Global Warnings Ottawa: Oberon Press, 1999. 134 pp. Poetry

There are thunderstorms in Paris
Eiffel Tower's a mist screen.
Winged things, giant flies
with blue and orange eyes
drown in heavy waters
of the Seine.

Because we are no longer reverent
the fabulous statues gleam and glower
stubborn abstractionists permitting only
a light behind leaves.

It is good to see anything
in this frozen culture.

Before us grins the monkey king
trembling operatic heaven, ecstatic
at his practice scale of arcane gestures
written infallibly by ancestors.

With delight he strokes and curls
a quivering feather crown.
Elegant fingernail paints the stars
where gods butt out their good cigars.

Such odd and antiquated wit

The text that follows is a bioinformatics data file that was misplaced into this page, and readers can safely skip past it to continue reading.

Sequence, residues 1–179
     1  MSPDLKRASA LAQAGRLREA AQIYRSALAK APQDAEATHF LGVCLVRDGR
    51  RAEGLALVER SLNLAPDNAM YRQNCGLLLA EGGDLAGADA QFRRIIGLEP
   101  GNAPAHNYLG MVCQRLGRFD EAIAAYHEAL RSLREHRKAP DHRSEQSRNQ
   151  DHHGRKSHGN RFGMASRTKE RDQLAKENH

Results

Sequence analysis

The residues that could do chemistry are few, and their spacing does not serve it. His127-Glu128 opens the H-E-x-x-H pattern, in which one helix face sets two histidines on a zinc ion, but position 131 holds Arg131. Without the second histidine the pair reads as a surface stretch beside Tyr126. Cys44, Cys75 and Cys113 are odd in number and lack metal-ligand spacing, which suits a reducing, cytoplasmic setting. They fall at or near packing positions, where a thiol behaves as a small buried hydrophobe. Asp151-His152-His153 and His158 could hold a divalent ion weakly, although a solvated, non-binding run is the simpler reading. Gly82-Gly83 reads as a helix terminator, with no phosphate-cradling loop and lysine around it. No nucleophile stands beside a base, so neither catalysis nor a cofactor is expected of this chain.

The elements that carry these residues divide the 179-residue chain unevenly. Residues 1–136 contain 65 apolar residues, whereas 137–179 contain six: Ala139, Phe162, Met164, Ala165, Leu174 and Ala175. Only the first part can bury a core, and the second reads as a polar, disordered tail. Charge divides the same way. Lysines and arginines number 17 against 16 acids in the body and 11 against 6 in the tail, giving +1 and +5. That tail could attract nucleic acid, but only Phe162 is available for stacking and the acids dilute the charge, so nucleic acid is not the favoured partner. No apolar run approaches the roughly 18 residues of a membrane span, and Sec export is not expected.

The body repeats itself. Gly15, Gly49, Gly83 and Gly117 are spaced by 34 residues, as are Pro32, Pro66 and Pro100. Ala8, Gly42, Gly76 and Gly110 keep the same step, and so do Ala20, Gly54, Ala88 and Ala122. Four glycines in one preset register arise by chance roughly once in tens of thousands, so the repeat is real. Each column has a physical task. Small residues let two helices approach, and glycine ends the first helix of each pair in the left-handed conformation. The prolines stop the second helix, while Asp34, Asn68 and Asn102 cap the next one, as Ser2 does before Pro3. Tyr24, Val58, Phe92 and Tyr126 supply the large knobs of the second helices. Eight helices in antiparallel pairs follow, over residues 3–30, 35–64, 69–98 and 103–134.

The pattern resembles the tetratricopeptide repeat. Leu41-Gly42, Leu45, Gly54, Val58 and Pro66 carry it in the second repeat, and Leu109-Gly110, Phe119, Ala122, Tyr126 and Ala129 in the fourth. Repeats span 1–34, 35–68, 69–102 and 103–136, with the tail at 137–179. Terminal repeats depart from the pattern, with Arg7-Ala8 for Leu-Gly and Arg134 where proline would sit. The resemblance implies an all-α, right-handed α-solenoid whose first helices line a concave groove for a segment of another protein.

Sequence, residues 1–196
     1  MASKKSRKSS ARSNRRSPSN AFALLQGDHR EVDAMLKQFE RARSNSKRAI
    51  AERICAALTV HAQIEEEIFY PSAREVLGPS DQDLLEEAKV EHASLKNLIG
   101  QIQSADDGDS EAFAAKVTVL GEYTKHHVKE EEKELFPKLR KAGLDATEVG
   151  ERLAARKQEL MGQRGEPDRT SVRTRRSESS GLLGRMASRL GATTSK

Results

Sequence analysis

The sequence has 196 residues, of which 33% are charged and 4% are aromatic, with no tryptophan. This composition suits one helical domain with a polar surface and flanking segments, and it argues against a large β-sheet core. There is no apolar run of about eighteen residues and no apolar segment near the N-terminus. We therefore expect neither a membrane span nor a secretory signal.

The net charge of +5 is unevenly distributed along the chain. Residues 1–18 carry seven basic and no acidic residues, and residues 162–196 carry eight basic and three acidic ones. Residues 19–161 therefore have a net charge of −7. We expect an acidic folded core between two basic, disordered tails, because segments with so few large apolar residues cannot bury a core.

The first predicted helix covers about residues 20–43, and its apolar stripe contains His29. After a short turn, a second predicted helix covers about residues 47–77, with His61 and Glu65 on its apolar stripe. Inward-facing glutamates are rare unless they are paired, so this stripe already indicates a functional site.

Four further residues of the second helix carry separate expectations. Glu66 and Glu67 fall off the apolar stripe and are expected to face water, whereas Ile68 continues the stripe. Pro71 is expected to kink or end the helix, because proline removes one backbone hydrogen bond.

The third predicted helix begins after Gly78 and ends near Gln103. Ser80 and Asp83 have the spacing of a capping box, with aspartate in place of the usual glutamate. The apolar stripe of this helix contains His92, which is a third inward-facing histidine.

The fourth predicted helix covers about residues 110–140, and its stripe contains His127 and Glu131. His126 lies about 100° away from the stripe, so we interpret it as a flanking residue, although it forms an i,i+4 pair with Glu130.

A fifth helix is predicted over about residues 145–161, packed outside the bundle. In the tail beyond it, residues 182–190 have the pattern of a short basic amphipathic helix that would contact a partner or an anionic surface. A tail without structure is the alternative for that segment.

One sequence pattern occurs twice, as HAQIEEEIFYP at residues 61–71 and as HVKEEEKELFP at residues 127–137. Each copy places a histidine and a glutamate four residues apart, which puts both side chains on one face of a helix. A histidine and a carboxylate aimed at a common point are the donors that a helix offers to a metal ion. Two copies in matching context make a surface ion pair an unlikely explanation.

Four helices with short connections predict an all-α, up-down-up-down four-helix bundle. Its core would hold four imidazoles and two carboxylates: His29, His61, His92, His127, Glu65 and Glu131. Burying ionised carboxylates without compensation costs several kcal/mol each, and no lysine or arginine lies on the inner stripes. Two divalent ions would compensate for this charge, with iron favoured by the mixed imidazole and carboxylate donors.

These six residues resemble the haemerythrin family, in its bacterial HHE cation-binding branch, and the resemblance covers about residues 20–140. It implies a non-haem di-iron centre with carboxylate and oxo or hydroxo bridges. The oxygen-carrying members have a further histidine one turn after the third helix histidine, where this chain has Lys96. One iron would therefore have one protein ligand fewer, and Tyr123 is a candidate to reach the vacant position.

sits high above an open sea of faces
chanting freedoms in the square.

Responding, we embrace oblivion.

Polish vodka lifts us high and low
through clanking unsafe buildings
caged with friends who speak
no tongue we know but liquor
gets us to their gypsy mystery
violent need they substitute for love
ugliness that keeps them sullen and alert.

A week of global warnings brings us sober Sunday.

Rough plank places yawn awake
take clover baths where people swarm to hilltop shrines
a drone of honey in their hymns. Our blistered feet
climb steep and narrow streets until we reach
the steam of yes and no.

Wrapped in coarse towels
we squat on fragrant balsa benches
sweat out sins and beat our backs with birches
in the savage sauna that is spring

until we come to clench
and burst of skin
around seeds

hardy first folk
in some forgotten history
happening again.


Vocal Braiding (with Penn Kemp) London, Ont.: Pendas Productions, 2001. 48 pp. An experiment in poetry and theatre bringing together "a braided version" of several long poems by Keeney and Kemp. Performed in Jaipur, India and for Indian television, the work was later done in a number of theatrical and poetry venues in Canada. /Vocal Braiding /also exists as a CD